5:00 PM - SF10.03.02
Ternary Sulfides as Electrocatalysts for Water Splitting
Shantanu Singh1,Ahamed Maniyanganam1,Billal Zayat1,Eric McClure1,Boyang Zhao1,Nicholas Humphrey1,Jingyi Ran1,Brent Melot1,Shaama Sharada1,Sri Narayan1,Jayakanth Ravichandran1
University of Southern California1
The intermittency and variability in the supply of renewable energy1,2 necessitate the use of energy storage, and a clean energy carrier such as hydrogen (H2), which can be stored, transported, and utilized as a continuous energy source without generating harmful emissions. Electrochemical water splitting for hydrogen production is an emission-free, efficient energy conversion technology2,3. However, a big issue with this process is that the best catalysts are relatively scarce, noble metals and related compounds, which hinders the productivity and cost-effectiveness of the technology at a large scale4,5. Thus, there is a clear need to explore the earth-abundant, transition metal-based compounds for their catalytic activity towards water splitting.
A large number of oxide perovskite and related phases with the general formula ABO3, where A is either an alkaline earth metal or a rare earth metal and B is a transition metal, have been studied and reported to exhibit interesting electrical, magnetic, and electrochemical properties5–7. However, the physical and chemical properties of analogous chalcogenide counterparts have been rarely reported. Recently, several articles have reported the physical properties of perovskite chalcogenides with early transition metals to show attractive optoelectronic properties8–10, which raises the interest in ternary chalcogenides for electrocatalysis.
We have synthesized a series of ternary sulfides (La-M-S) with first-row late transition metals (M = Mn, Fe, Co, Ni). These materials have been synthesized by first preparing the corresponding ternary oxides and then carrying out carbon disulfide (CS2) sulfurization at elevated temperatures. While similar compositions have been reported in some early articles11,12, a thorough study elucidating the structure details has not been reported. This presentation will report detailed diffraction studies on these compounds using high-quality synchrotron X-ray diffraction (XRD) data. We will also report chemical analyses on these compounds based on X-ray absorption near edge structure (XANES) spectroscopy and extended X-ray absorption fine structure (EXAFS) measurements. These iso-structural series of hexagonal compounds have been tested as catalysts for hydrogen evolution reaction (HER) and oxygen evolution reaction (OER) and exhibit encouraging overpotentials of 330-360 mV for HER and around 370mV for OER in the early studies. The ability to catalyze both half-reactions of water electrolysis makes these materials promising candidates for bifunctional catalysts and calls for further work on these compounds to improve their performance.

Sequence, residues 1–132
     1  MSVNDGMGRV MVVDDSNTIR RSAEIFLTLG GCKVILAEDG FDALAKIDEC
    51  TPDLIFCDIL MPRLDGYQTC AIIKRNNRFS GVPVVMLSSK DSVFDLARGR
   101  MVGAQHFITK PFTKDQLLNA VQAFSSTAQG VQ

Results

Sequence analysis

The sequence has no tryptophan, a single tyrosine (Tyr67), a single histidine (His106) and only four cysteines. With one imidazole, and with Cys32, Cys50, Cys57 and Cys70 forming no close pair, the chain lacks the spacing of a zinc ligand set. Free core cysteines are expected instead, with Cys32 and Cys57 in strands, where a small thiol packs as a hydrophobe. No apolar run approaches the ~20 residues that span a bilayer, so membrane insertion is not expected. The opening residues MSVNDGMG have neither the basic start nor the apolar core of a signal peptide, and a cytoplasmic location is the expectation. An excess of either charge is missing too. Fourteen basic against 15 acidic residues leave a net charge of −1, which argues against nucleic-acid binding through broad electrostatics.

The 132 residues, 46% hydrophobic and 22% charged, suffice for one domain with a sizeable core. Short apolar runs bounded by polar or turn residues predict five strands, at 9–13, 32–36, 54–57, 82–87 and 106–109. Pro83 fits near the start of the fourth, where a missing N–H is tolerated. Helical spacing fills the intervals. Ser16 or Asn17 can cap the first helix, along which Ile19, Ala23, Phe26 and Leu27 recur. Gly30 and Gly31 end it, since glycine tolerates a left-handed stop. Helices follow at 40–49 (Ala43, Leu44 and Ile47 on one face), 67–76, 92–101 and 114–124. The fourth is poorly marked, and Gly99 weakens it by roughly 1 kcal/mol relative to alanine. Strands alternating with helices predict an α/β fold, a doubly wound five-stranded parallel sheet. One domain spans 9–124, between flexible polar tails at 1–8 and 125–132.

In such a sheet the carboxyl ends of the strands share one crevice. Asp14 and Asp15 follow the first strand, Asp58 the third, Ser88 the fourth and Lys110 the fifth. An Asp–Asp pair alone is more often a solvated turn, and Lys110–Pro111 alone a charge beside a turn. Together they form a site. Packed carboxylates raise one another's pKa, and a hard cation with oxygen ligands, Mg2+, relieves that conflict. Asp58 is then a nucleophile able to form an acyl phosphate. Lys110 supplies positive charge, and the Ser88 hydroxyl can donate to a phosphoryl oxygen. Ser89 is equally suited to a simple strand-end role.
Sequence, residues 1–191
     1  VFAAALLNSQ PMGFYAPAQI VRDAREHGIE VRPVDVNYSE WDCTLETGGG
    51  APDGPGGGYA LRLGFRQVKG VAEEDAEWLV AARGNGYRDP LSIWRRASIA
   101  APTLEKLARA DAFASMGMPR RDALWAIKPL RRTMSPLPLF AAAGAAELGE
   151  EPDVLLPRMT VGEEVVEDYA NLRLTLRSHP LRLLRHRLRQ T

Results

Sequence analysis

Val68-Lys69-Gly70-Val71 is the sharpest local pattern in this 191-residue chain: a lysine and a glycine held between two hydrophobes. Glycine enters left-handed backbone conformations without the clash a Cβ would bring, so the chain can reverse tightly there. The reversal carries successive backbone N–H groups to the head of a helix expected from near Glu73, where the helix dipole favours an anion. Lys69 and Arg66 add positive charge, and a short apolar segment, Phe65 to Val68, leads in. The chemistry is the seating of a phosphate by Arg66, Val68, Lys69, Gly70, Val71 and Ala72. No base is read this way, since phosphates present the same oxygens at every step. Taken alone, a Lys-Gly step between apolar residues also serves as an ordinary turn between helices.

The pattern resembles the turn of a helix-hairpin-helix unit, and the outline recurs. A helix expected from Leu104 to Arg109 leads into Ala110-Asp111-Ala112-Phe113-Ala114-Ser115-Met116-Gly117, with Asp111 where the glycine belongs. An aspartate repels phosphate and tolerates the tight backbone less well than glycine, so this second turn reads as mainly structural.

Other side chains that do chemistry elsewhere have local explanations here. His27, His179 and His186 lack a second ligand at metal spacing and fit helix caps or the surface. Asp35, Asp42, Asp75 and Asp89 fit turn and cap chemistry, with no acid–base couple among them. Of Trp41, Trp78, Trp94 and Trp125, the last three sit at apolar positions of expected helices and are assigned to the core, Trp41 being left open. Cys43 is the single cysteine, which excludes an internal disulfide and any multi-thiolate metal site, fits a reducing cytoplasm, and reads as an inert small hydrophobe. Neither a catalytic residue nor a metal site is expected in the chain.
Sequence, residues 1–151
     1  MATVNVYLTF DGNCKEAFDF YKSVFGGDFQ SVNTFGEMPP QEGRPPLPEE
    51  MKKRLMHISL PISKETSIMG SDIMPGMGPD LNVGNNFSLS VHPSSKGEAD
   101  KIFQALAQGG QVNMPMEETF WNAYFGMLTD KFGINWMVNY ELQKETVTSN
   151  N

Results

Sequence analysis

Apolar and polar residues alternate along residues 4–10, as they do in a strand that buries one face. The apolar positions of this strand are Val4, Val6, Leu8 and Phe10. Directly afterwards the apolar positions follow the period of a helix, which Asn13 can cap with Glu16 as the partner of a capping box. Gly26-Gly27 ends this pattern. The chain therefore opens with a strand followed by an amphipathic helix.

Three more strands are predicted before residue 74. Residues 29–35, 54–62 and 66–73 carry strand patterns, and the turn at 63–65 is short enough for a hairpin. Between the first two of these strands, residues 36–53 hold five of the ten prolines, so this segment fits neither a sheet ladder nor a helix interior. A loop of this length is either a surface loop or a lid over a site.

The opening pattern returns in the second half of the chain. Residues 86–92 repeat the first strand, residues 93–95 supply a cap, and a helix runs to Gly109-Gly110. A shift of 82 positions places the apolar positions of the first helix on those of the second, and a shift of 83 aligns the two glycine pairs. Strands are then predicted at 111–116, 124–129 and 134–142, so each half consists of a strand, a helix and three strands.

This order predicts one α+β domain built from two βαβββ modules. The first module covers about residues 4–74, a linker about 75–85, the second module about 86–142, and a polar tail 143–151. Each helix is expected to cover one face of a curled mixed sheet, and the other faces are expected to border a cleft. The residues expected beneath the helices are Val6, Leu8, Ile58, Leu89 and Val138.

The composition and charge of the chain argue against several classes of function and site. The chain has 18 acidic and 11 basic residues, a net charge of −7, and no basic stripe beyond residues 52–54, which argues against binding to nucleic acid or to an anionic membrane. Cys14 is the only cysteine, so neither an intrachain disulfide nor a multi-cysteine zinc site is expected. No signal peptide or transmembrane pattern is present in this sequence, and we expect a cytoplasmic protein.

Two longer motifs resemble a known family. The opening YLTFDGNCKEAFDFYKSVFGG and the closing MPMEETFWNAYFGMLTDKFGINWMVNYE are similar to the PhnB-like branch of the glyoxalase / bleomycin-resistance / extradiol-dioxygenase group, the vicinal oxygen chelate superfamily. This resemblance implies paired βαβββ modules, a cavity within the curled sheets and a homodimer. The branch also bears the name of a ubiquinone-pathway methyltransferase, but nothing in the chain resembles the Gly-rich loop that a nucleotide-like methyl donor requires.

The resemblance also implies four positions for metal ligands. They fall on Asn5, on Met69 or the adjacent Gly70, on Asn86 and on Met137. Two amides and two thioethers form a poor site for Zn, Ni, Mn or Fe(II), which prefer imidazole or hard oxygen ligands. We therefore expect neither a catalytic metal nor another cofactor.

1 H. Yuan, Electrocatalytic Water Splitting to Produce Fuel Hydrogen, Michigan State University (2017).
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3 F. Dawood, M. Anda, and G.M. Shafiullah, Int. J. Hydrogen Energy 45, 3847 (2020).
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6 J. Xu, C. Chen, Z. Han, Y. Yang, J. Li, and Q. Deng, Nanomater. 9, 1161 (2019).
7 J. Wang, Y. Liu, X. Chen, C. Chen, P. Chen, Z. Wang, and Y. Duan, ChemPhysChem 20, 2580 (2019).
8 D. Tiwari, O.S. Hutter, and G. Longo, J. Phys. Energy 3, 034010 (2021).
9 Q. Xu, D. Yang, J. Lv, Y.-Y. Sun, and L. Zhang, Small Methods 2, 1700316 (2018).
10 A. Swarnkar, W.J. Mir, R. Chakraborty, M. Jagadeeswararao, T. Sheikh, and A. Nag, Chem. Mater. 31, 565 (2019).
11 T. Takahashi, T. Oka, O. Yamada, and K. Ametani, Mater. Res. Bull. 6, 173 (1971).
12 T. Murugesan, S. Ramesh, J. Gopalakrishnan, and C.N.R. Rao, J. Solid State Chem. 38, 165 (1981).